To this day in Martha’s Vineyard, there is a population of Native Americans on the western tip of the island in the town of Aquinnah (formerly Gay Head). The Wampanoag residents were officially recognized as the Wampanoag Tribe of Gay Head in 1987. However, their presence has been well documented on historical maps of the island. Each of these excerpts highlights the native American occupation of this part of Martha’s Vineyard. (The town of Gay Head was officially renamed Aquinnah in 1997.)
The earliest in our collection is this 1775 image from a military map made by Blaskowitz. The fact that this British mariner added “Indian Settlement” tells us that this was a notable feature of Martha’s Vineyard at the time. Note that Menemsha Pond is open to the ocean.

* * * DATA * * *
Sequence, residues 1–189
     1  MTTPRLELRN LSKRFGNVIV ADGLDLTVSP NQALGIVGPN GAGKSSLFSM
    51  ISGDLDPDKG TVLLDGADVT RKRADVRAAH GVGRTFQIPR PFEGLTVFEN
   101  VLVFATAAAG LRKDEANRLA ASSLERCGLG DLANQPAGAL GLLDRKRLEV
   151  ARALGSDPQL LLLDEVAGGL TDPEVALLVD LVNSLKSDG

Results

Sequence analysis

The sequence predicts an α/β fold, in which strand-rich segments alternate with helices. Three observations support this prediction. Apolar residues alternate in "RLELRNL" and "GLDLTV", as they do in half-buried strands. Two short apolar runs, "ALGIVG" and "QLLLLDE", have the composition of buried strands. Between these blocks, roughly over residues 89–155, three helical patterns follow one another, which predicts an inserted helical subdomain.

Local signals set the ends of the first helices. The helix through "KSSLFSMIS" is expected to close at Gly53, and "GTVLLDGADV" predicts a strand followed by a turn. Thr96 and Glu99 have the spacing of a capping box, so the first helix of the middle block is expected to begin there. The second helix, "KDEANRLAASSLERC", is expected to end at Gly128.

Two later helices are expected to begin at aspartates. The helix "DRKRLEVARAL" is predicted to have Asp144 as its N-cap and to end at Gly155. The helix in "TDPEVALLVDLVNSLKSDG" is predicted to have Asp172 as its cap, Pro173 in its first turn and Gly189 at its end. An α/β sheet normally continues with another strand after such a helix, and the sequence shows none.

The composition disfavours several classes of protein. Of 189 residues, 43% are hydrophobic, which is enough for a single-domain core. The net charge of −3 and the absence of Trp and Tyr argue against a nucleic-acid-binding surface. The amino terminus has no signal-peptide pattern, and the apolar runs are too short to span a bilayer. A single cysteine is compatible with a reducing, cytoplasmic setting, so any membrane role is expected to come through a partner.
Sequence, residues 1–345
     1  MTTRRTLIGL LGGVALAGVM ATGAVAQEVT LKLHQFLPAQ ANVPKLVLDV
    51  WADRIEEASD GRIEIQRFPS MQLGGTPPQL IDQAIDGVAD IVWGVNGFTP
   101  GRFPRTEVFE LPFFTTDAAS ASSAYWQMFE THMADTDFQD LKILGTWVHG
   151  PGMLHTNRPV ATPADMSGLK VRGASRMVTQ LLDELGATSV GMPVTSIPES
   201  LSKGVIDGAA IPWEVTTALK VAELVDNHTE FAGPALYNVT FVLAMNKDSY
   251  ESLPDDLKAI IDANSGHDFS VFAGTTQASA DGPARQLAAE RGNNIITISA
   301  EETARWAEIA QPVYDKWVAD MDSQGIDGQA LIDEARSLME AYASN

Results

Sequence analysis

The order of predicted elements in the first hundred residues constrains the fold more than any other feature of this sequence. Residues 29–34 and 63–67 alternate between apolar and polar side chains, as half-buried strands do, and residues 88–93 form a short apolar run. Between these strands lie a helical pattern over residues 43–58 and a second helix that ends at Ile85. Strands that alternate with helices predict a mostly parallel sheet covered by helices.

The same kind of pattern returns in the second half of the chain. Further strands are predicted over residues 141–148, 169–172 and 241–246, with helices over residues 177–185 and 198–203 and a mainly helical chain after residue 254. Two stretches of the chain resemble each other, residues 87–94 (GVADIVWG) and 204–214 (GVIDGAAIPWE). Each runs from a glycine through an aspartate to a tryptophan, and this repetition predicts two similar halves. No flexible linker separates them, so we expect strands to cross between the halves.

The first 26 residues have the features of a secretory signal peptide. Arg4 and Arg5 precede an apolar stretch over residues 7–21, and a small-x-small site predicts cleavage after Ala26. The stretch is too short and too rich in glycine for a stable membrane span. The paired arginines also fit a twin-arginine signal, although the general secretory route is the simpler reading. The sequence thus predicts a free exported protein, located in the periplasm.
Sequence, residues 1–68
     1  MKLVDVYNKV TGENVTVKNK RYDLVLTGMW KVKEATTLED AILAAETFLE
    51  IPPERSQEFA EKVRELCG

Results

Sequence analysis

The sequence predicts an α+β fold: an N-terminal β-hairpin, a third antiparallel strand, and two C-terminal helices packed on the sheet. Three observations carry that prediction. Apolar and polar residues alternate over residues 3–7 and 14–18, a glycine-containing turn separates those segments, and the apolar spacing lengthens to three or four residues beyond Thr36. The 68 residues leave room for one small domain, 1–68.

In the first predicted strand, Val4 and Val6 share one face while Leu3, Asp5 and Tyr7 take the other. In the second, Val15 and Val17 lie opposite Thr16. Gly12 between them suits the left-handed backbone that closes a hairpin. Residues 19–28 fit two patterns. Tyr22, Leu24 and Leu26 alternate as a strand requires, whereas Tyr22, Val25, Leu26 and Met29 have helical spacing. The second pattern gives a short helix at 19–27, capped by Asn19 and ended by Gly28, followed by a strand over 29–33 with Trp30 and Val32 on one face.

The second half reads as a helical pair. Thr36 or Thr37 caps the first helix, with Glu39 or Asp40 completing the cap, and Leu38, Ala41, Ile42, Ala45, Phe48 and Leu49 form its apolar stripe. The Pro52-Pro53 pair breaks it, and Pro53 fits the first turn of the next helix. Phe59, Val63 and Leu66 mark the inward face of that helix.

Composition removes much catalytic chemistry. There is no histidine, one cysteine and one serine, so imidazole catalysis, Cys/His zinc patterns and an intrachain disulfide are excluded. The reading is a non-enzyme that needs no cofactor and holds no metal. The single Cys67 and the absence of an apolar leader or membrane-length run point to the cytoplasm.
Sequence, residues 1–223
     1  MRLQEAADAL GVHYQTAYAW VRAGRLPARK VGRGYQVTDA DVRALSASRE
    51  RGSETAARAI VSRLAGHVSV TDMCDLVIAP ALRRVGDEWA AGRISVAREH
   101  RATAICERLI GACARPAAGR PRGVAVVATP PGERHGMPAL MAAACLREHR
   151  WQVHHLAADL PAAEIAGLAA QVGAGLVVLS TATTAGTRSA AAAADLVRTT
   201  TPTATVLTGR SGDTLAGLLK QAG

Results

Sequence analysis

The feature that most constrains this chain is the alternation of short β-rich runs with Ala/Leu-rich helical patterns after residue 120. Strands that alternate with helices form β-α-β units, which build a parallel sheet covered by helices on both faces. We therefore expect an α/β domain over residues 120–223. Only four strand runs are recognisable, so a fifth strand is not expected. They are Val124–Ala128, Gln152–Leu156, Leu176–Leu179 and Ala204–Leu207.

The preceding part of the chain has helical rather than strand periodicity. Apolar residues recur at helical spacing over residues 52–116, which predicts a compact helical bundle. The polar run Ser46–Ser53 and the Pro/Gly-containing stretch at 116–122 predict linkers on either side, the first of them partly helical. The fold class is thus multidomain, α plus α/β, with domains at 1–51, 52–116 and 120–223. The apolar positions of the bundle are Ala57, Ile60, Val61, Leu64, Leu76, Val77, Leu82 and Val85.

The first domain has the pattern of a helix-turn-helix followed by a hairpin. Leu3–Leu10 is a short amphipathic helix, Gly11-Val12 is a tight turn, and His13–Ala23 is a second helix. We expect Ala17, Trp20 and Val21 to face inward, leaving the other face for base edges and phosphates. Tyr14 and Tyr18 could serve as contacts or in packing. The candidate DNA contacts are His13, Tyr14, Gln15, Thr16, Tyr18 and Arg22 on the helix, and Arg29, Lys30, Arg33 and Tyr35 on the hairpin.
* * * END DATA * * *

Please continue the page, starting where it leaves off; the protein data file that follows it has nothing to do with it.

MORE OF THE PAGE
The 1801 map by Osgood Carleton -a map of all of Massachusetts still reports an Indian settlement. And it shows the old lighthouse, Gay Head Light, in its original location. Visitors to the island in recent years know that that light house has been replaced since then, and that the replacement lighthouse has been moved several hundred feet back from the eroding cliffs of Gay Head.
The 1844 map is from the Simeon Borden Map of the State of Massachusetts. That map is well regarded for its mathematical accuracy.
This next map – 1858 is very detailed. Note every road is shown and the names of homeowners. And it still reports “Indian Land”.
The 1861 map is an excerpt from a large state wall map by H.F. Walling.
This last excerpt was taken from the 1871 state atlas by Walling & Gray.
Prints of the original maps from which these excerpts are taken are available to view and purchase at old-maps.com.